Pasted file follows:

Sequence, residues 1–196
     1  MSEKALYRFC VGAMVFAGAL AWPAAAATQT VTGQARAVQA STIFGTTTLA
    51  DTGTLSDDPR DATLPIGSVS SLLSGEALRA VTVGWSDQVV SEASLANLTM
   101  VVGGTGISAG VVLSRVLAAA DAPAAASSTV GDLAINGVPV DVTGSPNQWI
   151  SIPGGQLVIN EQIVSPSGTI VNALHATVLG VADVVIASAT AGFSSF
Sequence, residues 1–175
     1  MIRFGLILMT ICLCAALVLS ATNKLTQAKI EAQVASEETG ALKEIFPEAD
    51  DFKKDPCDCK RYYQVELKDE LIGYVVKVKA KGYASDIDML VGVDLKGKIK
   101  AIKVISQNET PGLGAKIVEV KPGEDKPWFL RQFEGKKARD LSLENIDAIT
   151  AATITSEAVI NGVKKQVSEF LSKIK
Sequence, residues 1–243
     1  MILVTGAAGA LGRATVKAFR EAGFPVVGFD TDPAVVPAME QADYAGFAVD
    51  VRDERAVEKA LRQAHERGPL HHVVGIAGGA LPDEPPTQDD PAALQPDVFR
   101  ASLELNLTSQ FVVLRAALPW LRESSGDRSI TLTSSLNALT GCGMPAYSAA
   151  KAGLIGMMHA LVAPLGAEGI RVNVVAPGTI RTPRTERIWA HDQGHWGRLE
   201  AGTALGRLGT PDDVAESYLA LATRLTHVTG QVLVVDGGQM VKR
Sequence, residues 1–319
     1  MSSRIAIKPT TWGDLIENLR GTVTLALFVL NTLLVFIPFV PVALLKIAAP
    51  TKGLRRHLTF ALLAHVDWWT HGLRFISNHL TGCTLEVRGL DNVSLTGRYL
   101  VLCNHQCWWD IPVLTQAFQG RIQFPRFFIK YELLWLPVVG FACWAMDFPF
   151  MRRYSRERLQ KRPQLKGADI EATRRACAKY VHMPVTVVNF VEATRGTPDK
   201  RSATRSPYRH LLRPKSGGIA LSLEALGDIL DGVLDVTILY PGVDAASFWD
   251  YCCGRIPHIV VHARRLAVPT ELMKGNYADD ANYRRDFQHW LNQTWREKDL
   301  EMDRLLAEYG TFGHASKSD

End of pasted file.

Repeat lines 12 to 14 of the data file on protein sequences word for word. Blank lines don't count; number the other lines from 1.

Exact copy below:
     1  MILVTGAAGA LGRATVKAFR EAGFPVVGFD TDPAVVPAME QADYAGFAVD
    51  VRDERAVEKA LRQAHERGPL HHVVGIAGGA LPDEPPTQDD PAALQPDVFR
   101  ASLELNLTSQ FVVLRAALPW LRESSGDRSI TLTSSLNALT GCGMPAYSAA